WASHINGTON — U.S. Sen. Tom Cotton says he will oppose a bipartisan gun violence package after the release of legislative text that would put in place tougher gun laws.
The 80-page measure released on Tuesday comes more than a week after a bipartisan group of senators announced a framework on mental health, school security and gun measures. Lawmakers are moving on the gun issue following a massacre at an elementary school in Uvalde, Texas and a mass shooting at a supermarket in Buffalo, N.Y.
Cotton, a Republican from Little Rock outlined his opposition to the bipartisan legislation in an interview on Wednesday, saying he’s concerned about the “vague, undefined general terms” in the bill that violate “the rights of law-abiding citizens.”
“I’m worried again that it’s very vague in general and rather than Congress doing our job to define these things precisely, especially when you’re talking about elements of criminal law, they’re leaving it to the courts,” he said.
He expressed some support for portions of the legislation, but said there are more “worrisome” measures than positive provisions.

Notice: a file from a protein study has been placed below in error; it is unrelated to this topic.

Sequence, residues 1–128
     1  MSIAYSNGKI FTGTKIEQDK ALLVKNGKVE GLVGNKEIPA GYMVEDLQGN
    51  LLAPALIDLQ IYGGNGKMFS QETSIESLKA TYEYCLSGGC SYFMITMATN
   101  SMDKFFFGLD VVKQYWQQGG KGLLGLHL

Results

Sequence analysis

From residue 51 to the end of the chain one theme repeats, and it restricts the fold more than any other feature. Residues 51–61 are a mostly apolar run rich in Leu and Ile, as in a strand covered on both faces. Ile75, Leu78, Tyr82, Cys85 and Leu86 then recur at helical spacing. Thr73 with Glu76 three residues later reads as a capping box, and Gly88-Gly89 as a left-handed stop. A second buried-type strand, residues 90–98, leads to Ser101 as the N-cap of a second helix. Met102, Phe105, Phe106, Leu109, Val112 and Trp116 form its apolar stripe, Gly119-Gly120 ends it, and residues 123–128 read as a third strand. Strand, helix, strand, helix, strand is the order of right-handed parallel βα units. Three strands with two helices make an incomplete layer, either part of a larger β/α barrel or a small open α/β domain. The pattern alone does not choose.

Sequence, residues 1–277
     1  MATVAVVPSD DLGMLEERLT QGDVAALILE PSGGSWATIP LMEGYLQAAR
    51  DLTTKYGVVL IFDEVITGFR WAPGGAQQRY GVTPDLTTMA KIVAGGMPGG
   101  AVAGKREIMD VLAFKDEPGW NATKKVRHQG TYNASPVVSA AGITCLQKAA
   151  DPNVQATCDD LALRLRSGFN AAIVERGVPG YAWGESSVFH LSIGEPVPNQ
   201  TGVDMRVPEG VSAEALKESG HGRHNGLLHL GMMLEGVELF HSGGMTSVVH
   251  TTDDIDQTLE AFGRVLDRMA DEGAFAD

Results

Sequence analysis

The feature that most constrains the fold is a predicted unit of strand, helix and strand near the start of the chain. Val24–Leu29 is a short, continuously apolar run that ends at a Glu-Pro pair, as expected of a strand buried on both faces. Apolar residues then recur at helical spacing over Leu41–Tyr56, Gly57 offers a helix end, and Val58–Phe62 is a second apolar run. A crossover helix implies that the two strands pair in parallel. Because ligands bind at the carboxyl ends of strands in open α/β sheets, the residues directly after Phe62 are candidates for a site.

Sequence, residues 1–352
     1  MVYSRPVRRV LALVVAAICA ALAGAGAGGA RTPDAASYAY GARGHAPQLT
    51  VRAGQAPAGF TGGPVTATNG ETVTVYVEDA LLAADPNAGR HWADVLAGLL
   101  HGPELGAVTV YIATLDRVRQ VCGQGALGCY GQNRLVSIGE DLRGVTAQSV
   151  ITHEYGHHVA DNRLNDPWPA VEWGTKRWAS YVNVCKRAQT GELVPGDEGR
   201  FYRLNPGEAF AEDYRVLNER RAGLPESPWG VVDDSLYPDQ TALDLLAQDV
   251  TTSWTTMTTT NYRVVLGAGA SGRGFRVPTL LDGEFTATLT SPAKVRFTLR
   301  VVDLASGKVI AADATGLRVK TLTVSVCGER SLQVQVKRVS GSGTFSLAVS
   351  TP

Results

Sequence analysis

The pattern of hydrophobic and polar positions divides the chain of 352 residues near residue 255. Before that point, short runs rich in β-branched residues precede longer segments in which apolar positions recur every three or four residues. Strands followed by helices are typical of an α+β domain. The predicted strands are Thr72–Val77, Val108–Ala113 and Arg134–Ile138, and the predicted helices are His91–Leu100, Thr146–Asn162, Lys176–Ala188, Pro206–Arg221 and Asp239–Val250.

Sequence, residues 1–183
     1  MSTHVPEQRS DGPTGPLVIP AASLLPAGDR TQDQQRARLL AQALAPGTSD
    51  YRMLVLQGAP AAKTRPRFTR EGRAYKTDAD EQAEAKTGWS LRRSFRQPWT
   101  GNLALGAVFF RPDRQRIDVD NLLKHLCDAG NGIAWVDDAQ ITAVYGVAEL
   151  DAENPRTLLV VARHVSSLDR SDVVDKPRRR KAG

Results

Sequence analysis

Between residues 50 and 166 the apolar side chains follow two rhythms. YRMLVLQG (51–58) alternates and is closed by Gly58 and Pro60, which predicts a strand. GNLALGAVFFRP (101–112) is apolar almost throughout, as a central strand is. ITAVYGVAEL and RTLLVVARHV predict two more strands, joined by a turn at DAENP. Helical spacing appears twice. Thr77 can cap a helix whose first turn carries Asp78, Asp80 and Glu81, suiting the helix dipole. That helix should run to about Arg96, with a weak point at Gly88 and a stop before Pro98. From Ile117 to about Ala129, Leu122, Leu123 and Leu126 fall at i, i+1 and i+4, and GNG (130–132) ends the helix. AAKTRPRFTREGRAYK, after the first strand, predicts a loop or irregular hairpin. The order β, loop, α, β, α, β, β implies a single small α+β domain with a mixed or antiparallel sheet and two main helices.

One portion of the legislative proposal would strengthen background checks for gun buyers under 21 years old by requiring an investigative period to assess juvenile and mental health records.
"I definitely think juvenile records should be in the background check system up to a certain age," he said. "I do worry again that that's been done in a very vague way that is going to put the thumb on the scale that anyone under the age of 21 will have a de facto 10-day waiting period."
A bipartisan group of senators, including Sen. Chris Murphy, a Democrat from Connecticut, and Sen. John Cornyn, a Republican from Texas, issued a statement Tuesday saying the legislation aims to keep schools safe, protect kids and cut down on the threat of violence.
“Our legislation will save lives and will not infringe on any law-abiding American’s Second Amendment rights,” the group said in the statement. “We look forward to earning broad, bipartisan support and passing our commonsense legislation into law.”
U.S. Sen. John Boozman, a Republican from Rogers, has said he's open to considering a bipartisan agreement. But he has stipulated that he wanted to see the specifics of the legislation. His office did not immediately respond to a request for comment on Wednesday.